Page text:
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Food Environ Virol ; 14(4): 364-373, 2022 Dec.
Article in English | MEDLINE | ID: covidwho-1943286


Development of lab-on-a-chip (LOC) system based on integration of reverse transcription loop-mediated isothermal amplification (RT-LAMP) and microfluidic technology is expected to speed up SARS-CoV-2 diagnostics allowing early intervention. In the current work, reverse transcriptase quantitative polymerase chain reaction (RT-qPCR) and RT-LAMP assays were performed on extracted RNA of seven wastewater samples from COVID-19 hotspots. RT­LAMP assay was also performed on wastewater samples without RNA extraction. Current detection of SARS-CoV-2 is mainly by RT-qPCR of ORF (ORF1ab) and N genes so we targeted both to find the best target gene for SARS-CoV-2 detection. We also performed RT-LAMP with/without RNA extraction inside microfluidic device to target both genes. Positivity rates of RT-qPCR and RT-LAMP performed on extracted RNA were 100.0% (7/7) and 85.7% (6/7), respectively. RT-qPCR results revealed that all 7 wastewater samples were positive for N gene (Ct range 37-39), and negative for ORF1ab, suggesting that N gene could be the best target gene for SARS-CoV-2 detection. RT-LAMP of N and ORF (ORF1a) genes performed on wastewater samples without RNA extraction indicated that all 7 samples remains pink (negative). The color remains pink in all microchannels except microchannels which subjected to RT-LAMP for targeting N region after RNA extraction (yellow color) in 6 out of 7 samples. This study shows that SARS-CoV-2 was successfully detected from wastewater samples using RT-LAMP in microfluidic chips. This study brings the novelty involving the use of wastewater samples for detection of SARS-CoV-2 without previous virus concentration and with/without RNA extraction.

COVID-19 , SARS-CoV-2 , Humans , SARS-CoV-2/genetics , Wastewater , COVID-19/diagnosis , COVID-19 Testing , Point-of-Care Systems , Microfluidics , Sensitivity and Specificity , RNA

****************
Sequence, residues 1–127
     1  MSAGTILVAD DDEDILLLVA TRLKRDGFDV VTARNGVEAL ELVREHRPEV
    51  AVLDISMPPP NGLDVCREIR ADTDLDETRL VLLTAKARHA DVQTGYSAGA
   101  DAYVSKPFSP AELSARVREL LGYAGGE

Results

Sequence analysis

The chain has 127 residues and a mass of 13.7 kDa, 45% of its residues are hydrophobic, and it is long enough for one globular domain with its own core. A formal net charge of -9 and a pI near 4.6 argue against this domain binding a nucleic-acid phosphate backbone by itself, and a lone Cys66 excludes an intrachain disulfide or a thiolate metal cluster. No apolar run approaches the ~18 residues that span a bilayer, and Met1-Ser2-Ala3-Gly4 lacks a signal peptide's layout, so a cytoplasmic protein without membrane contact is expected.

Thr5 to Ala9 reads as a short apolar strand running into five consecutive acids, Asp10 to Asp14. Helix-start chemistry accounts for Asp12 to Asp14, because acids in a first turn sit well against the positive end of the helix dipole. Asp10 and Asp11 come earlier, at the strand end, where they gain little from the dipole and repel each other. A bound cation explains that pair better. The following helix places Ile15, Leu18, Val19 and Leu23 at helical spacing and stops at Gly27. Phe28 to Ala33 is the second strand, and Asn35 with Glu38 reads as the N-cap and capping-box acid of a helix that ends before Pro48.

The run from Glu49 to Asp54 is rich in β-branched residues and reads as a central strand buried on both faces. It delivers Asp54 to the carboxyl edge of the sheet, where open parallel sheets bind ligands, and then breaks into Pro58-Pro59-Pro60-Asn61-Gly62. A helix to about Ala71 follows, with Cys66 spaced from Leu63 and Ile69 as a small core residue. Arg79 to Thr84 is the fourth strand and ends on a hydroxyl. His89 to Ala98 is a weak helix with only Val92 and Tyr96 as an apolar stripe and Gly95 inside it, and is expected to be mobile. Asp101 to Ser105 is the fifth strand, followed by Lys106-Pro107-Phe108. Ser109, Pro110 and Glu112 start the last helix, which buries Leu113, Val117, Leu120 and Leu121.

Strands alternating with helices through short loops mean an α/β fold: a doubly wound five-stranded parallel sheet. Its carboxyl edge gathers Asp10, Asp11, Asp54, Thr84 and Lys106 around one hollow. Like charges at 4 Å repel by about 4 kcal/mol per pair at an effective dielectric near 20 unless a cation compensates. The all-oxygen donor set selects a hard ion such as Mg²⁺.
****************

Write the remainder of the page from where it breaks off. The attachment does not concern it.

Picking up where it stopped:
Pathogens ; 10(3)2021 Feb 24.
Article in English | MEDLINE | ID: covidwho-1120528


The spectrum of emerging new diseases as well as re-emerging old diseases is broadening as infectious agents evolve, adapt, and spread at enormous speeds in response to changing ecosystems. Severe acute respiratory syndrome coronavirus 2 (SARS-CoV-2) is a recent phenomenon and may take a while to understand its transmission routes from less traveled territories, ranging from fomite exposure routes to wastewater transmission. The critical challenge is how to negotiate with such catastrophic pandemics in high-income countries (HICs ~20% of the global population) and low-and middle-income countries (LMICs ~ 80% of the global population) with a total global population size of approximately eight billion, where practical mass testing and tracing is only a remote possibility, particularly in low-and middle-income countries (LMICs). Keeping in mind the population distribution disparities of high-income countries (HICs) and LMICs and urbanisation trends over recent years, traditional wastewater-based surveillance such as that used to combat polio may help in addressing this challenge. The COVID-19 era differs from any previous pandemics or global health challenges in the sense that there is a great deal of curiosity within the global community to find out everything about this virus, ranging from diagnostics, potential vaccines/therapeutics, and possible routes of transmission. In this regard, the fact that the gut is the common niche for both poliovirus and SARS-CoV-2, and due to the shedding of the virus through faecal material into sewerage systems, the need for long-term wastewater surveillance and developing early warning systems for better preparedness at local and global levels is increasingly apparent. This paper aims to provide an insight into the ongoing COVID-19 crisis, how it can be managed, and what measures are required to deal with a current global international public health concern. Additionally, it shed light on the importance of using wastewater surveillance strategy as an early warning practical tool suitable for massive passive screening, as well as the urgent need for microfluidic technology as a rapid and cost-effective approach tracking SARS-CoV-2 in wastewater.